1795 $10 9 Leaves Reverse
BD-3, R.6. Designed by Robert Scot, an unknown (but presumably small) number of 1795 eagles (several different die pairings) were struck on March 1, 1796 on Warrant No. 58, which had a total mintage of 1,169 pieces; an additional 116 pieces were again struck on March 30, 1796, according to Breen. The BD-3 is, by far, the rarest 1795 eagle die pairing. An estimate of fewer than 500 pieces were struck with only about 20 surviving examples known in all grades. In fact, the 1795 9 Leaves is probably the rarest issue as there is in the entire 138-year history of the denomination. John Dannreuther writes, "It is not known whether the 9 leaves on the branch indicate an experiment or a die cutting error, but the fact that the reverse was changed to 11 leaves for 1796 and 1797 indicates that it was an intentional experiment. Perhaps the arrangement of 13 leaves was considered too crowded and grouping of 9 leaves was thought too sparse, leading to the introduction of 11 leaves on the branch in 1796."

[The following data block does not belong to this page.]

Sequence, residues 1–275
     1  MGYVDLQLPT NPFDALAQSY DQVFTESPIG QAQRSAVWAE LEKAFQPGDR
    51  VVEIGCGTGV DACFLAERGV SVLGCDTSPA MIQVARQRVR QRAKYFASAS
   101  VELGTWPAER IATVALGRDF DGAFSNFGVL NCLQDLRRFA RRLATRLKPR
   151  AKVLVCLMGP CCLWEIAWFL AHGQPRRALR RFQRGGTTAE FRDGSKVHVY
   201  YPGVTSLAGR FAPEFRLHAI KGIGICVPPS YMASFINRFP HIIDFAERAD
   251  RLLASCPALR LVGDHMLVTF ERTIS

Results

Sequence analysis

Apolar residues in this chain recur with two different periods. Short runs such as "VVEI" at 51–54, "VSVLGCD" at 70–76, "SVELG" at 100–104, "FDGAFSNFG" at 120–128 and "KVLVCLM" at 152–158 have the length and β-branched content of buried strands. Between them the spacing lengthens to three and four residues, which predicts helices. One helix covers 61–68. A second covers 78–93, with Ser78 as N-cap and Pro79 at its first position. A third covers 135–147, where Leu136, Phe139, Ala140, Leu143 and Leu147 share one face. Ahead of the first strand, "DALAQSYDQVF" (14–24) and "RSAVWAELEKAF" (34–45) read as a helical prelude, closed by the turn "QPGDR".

According to history, at the time this was minted, gold coins were important public relations items for the United States -- ambassadors to the world, as it were. Because of this, care was taken to avoid releasing gold coins with die breaks or other blunders into circulation. Today, it is believed that there are approximately 20 examples known, making it the rarest of the seven known Small Eagle varieties this year.
The 1795 9 Leaves ten dollar, as a variety, become all the more popular in recent decades upon the release of new research into early gold coins. This variety was apparently known as early as 1926 when Waldo Newcomer paid $100 for a circulated example, several times the price for a more common 1795 13 Leaves variety. Since the 1960s, examples have been auctioned an average of once every two to three years.
This example exhibits a far better than average strike with the diagnostic die buckling in the field below the palm branch. The surfaces are mostly lustrous with the normal allotment of light handling marks. A couple of small marks are under ER of LIBERTY, a tiny black spot touches the lower right of the B, and another small mark is under ST of STATES on the reverse. Such minor ephemera are apparently common to most, if not all 9 Leaves coins, and their presence indicates nothing more than little pointers when differentiating one coin from another. The fields are semi-reflective, as often seen on 1795 eagles. An outstanding high grade example of the greatest rarity contained in the short-lived Small Eagle series of $10 gold coins, 1795-97. (PCGS 8552)